What was the space in which the miracle endured. How long did this oil continue to flow? That is a point worth noticing. It flowed as long as any empty vessel could be brought; and the command was, “borrow not a few.” I know to-night how many souls Christ will bless. He will bless as many souls as are empty, and are placed beneath the flow of his divine grace. That he filleth the hungry with good things is always the rule; and the other rule is equally sure— the rich he sendeth empty away. We know how long Christ will continue to save sinners. It is as long as any needy sinner comes to him to be saved. If there were no sinners on earth there would be no room for the Saviour on earth. If there were no guilty ones, there would be no need for his pardoning blood; if there were no filthy ones, there would be no need of the fountain in which they might be cleansed; but as long as there exists an empty, penniless, poverty-stricken soul, that longs and yearns after a precious Christ, there is a precious Christ for that poor, longing, needy soul. I feel inclined to cry with the woman in the narrative, “Bring me yet another vessel.” There are many here whom Christ has filled with his grace— glory be to his name for it! But is there not yet another vessel before me? Oh, it is sweet preaching to the sinner who is made to feel he is a sinner. There is no such successful preaching in the world. We might be content to preach till midnight if we knew we preached to those who greatly needed a Saviour, and were longing for him, for such hearts are like the wax that is ready for the seal. When you want Jesus, you shall have Jesus; and the deeper your needs become, the more ready will you be to accept the finished salvation which ho freely gives to all who need it. “Bring me yet a vessel.” Don’t tell me, “There is not a vessel more,” for I am sure there must be many more. Our Lord has not come to the end of the vessels yet; there are many more to be filled. We do not live in an age when all the elect are gathered in, when all the redeemed are brought home. There are plenty of empty vessels still about. I pray that they may be brought to the fulness of our Redeemer, and be filled to the brim.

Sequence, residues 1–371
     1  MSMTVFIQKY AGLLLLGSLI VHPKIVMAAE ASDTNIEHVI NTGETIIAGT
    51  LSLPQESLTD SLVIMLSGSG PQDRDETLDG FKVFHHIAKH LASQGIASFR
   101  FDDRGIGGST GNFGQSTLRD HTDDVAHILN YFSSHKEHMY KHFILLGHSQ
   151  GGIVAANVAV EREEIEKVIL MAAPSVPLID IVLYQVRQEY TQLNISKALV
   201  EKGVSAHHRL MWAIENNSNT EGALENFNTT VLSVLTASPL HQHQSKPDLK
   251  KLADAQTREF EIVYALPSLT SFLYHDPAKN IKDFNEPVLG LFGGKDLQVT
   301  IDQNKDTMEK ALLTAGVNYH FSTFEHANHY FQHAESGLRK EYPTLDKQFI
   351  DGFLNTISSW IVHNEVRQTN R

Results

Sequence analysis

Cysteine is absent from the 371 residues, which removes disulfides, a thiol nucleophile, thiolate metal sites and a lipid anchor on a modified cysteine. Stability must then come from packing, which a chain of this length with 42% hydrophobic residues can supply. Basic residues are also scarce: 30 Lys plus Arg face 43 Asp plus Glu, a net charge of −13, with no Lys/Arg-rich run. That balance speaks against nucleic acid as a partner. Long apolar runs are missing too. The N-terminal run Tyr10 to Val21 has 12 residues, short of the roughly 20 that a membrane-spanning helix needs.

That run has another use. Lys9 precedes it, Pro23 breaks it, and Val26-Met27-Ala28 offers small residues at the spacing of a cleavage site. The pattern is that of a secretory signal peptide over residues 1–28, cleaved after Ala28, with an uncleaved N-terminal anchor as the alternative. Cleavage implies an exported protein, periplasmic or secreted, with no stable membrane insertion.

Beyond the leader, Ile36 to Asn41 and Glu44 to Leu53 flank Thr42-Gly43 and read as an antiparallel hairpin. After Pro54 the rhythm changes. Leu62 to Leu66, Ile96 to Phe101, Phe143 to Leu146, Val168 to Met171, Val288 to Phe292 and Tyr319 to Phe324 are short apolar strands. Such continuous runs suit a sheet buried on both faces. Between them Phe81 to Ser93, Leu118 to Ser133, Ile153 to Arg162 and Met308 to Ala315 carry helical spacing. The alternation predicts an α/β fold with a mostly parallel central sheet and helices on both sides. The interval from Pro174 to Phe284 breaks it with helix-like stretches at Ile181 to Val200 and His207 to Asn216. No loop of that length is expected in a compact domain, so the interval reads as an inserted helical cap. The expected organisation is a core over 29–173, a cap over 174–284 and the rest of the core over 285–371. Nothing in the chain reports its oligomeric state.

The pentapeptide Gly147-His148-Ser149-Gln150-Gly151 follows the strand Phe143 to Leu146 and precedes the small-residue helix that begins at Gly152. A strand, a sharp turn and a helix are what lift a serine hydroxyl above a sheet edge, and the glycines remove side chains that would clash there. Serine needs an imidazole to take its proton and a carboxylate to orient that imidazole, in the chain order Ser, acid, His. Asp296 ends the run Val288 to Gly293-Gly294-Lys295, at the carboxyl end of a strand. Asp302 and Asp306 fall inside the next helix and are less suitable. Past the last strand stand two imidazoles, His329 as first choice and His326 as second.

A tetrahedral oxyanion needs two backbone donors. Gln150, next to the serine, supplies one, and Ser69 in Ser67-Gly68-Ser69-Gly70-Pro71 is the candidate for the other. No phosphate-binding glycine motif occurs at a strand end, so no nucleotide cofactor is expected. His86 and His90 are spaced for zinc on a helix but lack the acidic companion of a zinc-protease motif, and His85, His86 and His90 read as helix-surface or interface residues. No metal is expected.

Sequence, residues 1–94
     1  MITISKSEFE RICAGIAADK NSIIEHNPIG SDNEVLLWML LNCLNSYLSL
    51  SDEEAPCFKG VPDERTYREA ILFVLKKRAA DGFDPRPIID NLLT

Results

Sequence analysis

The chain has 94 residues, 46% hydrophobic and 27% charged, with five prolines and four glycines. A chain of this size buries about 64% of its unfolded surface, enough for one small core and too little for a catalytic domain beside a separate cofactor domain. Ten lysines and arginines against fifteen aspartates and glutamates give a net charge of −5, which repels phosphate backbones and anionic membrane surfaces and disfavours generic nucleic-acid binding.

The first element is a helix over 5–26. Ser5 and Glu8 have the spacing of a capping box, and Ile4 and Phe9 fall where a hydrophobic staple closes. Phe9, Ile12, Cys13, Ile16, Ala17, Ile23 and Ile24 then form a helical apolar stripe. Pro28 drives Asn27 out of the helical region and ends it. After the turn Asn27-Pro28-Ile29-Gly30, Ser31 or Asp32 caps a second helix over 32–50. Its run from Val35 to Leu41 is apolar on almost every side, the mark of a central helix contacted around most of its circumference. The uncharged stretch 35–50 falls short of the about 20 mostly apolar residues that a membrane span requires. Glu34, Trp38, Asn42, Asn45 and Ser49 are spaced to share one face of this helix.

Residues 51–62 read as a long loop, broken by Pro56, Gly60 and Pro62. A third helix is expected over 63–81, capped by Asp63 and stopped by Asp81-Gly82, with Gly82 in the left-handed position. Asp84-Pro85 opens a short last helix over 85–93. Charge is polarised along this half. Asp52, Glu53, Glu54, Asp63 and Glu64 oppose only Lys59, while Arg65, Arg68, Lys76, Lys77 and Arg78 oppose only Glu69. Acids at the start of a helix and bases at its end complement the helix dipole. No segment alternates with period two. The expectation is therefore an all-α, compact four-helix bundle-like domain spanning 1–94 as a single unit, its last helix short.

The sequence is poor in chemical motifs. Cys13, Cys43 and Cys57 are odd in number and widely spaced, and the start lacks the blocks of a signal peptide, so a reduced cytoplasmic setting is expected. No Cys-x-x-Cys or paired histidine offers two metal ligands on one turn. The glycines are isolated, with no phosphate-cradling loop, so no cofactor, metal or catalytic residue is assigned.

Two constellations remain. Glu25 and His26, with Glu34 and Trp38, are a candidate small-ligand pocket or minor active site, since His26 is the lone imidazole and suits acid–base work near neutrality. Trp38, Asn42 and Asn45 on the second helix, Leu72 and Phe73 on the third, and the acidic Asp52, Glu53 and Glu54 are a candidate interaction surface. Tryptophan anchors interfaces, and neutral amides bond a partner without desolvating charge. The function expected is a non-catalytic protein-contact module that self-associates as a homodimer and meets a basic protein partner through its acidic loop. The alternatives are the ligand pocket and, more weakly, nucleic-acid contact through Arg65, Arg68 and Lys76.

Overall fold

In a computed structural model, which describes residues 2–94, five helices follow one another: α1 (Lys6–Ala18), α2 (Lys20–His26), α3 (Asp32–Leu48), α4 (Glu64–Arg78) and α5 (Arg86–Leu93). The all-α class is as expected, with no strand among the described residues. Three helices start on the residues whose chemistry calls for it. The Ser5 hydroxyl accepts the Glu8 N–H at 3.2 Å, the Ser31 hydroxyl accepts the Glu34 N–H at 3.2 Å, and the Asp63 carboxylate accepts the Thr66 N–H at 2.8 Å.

I have used a very simple method of preaching the gospel in thus talking; but, simple as it is, there are a great many who will not understand it. Let me just rehearse it again. You have broken God’s law, and you are lost. The only way in which you can get forgiveness is through the merit of Jesus, and that he will freely give you if you simply come and confess your sin, and take him to be your all in all. Adore his mercy, magnify his love, accept his grace, yield to the working of his Holy Spirit, and you are saved. Be you an empty vessel beneath the outflowing of a full Christ. Do not try to be a full one, nor a half full one; but be you an empty vessel, and Christ will fill you. He will not miss one of you that is empty, for his desire is to bless you. He delights in it: he longs for it. Do you be dead, and let him be your life. Be you the beggar, and let him be your riches. Be you sick, and let him be your health. Be you lost, and let him be your Saviour. Be you nothing, and let him be your all in all. This, indeed, is faith, to sink the creature in the Creator; to sink self in a Saviour; to be lost in ourselves, and to be saved in his righteousness. Oh, that I could lead your hearts into the truth, that we are saved through faith, and that not of ourselves, it is the gift of God. Come, empty pitcher, stand beneath the flowing fountain, and it will surely fill you. Do you understand me? The Lord make you to prove that you do so by your practical compliance with my exhortation.
II. I shall further use the text in another way, IN REFERENCE TO ANSWERS TO PRAYER. My conviction is, brethren, that we do not pray enough. I do not, by this remark, measure our prayers by time, but I mean that we do not ask enough of God. We are not straitened in him, but we are often straitened in ourselves. The prophet’s advice to the woman was, “Borrow empty vessels” — notice the next word— “borrow not a few.” It was needful thus to urge her to large things. Covetous men need restraining, but in asking of the Lord, our hearts need enlarging. This godly widow had the blessing now at her disposal to increase or diminish. If she borrowed few vessels, she would have but little oil; if she borrowed many vessels they should all be filled, and she should have much oil. She was herself to measure out what she should have; and I believe that you and I, in the matter of spiritual blessings from God, have more to do with the measurement of our mercies than we think. We make our blessings little, because our prayers are little.